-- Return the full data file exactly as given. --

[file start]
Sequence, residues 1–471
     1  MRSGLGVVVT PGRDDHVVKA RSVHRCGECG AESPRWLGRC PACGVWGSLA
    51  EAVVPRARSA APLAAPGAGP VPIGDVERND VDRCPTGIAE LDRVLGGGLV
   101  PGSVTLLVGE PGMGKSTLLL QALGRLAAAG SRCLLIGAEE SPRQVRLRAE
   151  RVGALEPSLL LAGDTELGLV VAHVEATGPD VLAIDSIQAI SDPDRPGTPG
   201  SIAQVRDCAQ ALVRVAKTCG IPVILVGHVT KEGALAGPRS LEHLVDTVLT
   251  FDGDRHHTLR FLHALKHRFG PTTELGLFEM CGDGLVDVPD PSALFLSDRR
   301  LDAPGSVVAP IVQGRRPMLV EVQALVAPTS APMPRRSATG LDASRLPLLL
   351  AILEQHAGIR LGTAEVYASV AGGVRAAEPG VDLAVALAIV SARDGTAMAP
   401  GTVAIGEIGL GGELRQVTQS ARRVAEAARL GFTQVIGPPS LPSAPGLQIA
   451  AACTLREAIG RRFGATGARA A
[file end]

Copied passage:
Sequence, residues 1–471
     1  MRSGLGVVVT PGRDDHVVKA RSVHRCGECG AESPRWLGRC PACGVWGSLA
    51  EAVVPRARSA APLAAPGAGP VPIGDVERND VDRCPTGIAE LDRVLGGGLV
   101  PGSVTLLVGE PGMGKSTLLL QALGRLAAAG SRCLLIGAEE SPRQVRLRAE
   151  RVGALEPSLL LAGDTELGLV VAHVEATGPD VLAIDSIQAI SDPDRPGTPG
   201  SIAQVRDCAQ ALVRVAKTCG IPVILVGHVT KEGALAGPRS LEHLVDTVLT
   251  FDGDRHHTLR FLHALKHRFG PTTELGLFEM CGDGLVDVPD PSALFLSDRR
   301  LDAPGSVVAP IVQGRRPMLV EVQALVAPTS APMPRRSATG LDASRLPLLL
   351  AILEQHAGIR LGTAEVYASV AGGVRAAEPG VDLAVALAIV SARDGTAMAP
   401  GTVAIGEIGL GGELRQVTQS ARRVAEAARL GFTQVIGPPS LPSAPGLQIA
   451  AACTLREAIG RRFGATGARA A